Marc Bendickson is CEO of Dynetics, one of Alabama’s largest private companies — 1, 055 employees, sales of $267 million — and one of the few private companies in the businesses of missile defense, space exploration and intelligence and surveillance.
Defense spending cuts, unmanned aerial vehicles and cybersecurity are all headline topics he talked about. Another subject he discussed — offensive cyber attacks by the U.S. — became a big headline a week after this interview, when a leaked classified document revealed that President Obama ordered national security officials to draft a list of targets for cyber attack.
Dynetics is host of a national conference on “deep dive” hacking attacks, Rocket City TakeDownCon, scheduled for July 15-16 in Huntsville.
In 1989, Bendickson helped lead an employee stock ownership purchase (ESOP) buyout of Dynetics from its founders. The company is still employee-owned, but Bendickson says it is a constant subject of buyout interest in today’s climate of consolidation fueled by budget constraints.
Every company has its core group of employees who personally contribute to the growth and well-being of a company, the group that accounts for the major strides and growth. The ESOP helps to encourage a larger group of people to be in that core group of employees. You’ve heard of the 80-20 rule, where the 20 percent is the core, committed group of employees. We are more on the 50-50 side.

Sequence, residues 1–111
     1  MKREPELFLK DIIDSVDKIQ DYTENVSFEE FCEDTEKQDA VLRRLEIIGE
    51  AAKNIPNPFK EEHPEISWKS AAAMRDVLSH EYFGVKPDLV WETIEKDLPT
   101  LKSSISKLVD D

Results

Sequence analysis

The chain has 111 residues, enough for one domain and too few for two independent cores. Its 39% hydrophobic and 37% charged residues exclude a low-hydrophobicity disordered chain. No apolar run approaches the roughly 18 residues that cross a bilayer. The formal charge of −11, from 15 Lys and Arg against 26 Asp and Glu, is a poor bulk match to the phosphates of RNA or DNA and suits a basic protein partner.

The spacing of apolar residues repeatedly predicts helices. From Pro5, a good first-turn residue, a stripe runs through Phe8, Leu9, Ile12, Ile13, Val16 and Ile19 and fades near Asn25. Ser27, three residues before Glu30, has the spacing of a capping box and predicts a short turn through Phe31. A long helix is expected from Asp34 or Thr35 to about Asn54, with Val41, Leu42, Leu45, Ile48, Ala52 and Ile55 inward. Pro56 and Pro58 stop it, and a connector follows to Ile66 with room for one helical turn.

We have three sources of capital, and, frankly, we haven’t needed that much capital for many years. Being an analytical company, what we need are computers and simulation tools. Retained earnings are our main source of capital. And when there are opportunities for employees to buy company stock, we have revenue from that direction. And we have had a very good relationship with a commercial banking company — first it was Colonial, then it was bought by BB&T. BB&T funded our last two building expansions.
One of our key strategies is to combine our analytic capability with outstanding hardware prototyping. We had to have a unique facility that was reconfigurable and could handle business of various classification levels, with the right kind of tools and test equipment. That’s what we built into the Solutions Complex. We’re an engineering company specializing in complex solutions. We do extremely well when we are brought problems that need scientific solutions. So we seek customers that have those kinds of needs.
For example, as we use more unmanned aerial vehicles in defense of the nation, those things have a lot of software on them. We develop software solutions that guide those vehicles, and, a lot of the time, those software products are in the field and operational within six months. We also build ground stations for controlling those vehicles, and the sensors and payloads that go on them. In the space area, we acquired a propulsion company a few years ago and are working with the Space Launch System to look at ways for that vehicle to use liquid as well as solid fuel, different thruster configurations. We’re working with Pratt & Whitney to revitalize, for the SLS, the Rocketdyne engines that were used on the original Saturn missile. We design sensors for customers for unmanned surveillance, whether it is perimeter security or border security, systems that look for low-velocity intruders.